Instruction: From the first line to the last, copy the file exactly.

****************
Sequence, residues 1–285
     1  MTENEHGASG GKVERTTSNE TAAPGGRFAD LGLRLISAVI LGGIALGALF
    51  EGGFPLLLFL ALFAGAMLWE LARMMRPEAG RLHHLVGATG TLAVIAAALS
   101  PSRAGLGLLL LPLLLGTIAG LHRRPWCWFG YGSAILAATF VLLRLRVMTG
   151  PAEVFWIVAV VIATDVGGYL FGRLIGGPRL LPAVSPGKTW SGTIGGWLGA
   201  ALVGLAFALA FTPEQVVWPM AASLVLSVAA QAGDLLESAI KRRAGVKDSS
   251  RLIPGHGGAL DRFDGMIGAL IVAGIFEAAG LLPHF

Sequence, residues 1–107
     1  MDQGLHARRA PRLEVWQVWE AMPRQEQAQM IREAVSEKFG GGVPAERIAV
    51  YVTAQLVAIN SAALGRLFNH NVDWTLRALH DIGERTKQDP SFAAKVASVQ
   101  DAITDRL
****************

Sequence, residues 1–285
     1  MTENEHGASG GKVERTTSNE TAAPGGRFAD LGLRLISAVI LGGIALGALF
    51  EGGFPLLLFL ALFAGAMLWE LARMMRPEAG RLHHLVGATG TLAVIAAALS
   101  PSRAGLGLLL LPLLLGTIAG LHRRPWCWFG YGSAILAATF VLLRLRVMTG
   151  PAEVFWIVAV VIATDVGGYL FGRLIGGPRL LPAVSPGKTW SGTIGGWLGA
   201  ALVGLAFALA FTPEQVVWPM AASLVLSVAA QAGDLLESAI KRRAGVKDSS
   251  RLIPGHGGAL DRFDGMIGAL IVAGIFEAAG LLPHF

Sequence, residues 1–107
     1  MDQGLHARRA PRLEVWQVWE AMPRQEQAQM IREAVSEKFG GGVPAERIAV
    51  YVTAQLVAIN SAALGRLFNH NVDWTLRALH DIGERTKQDP SFAAKVASVQ
   101  DAITDRL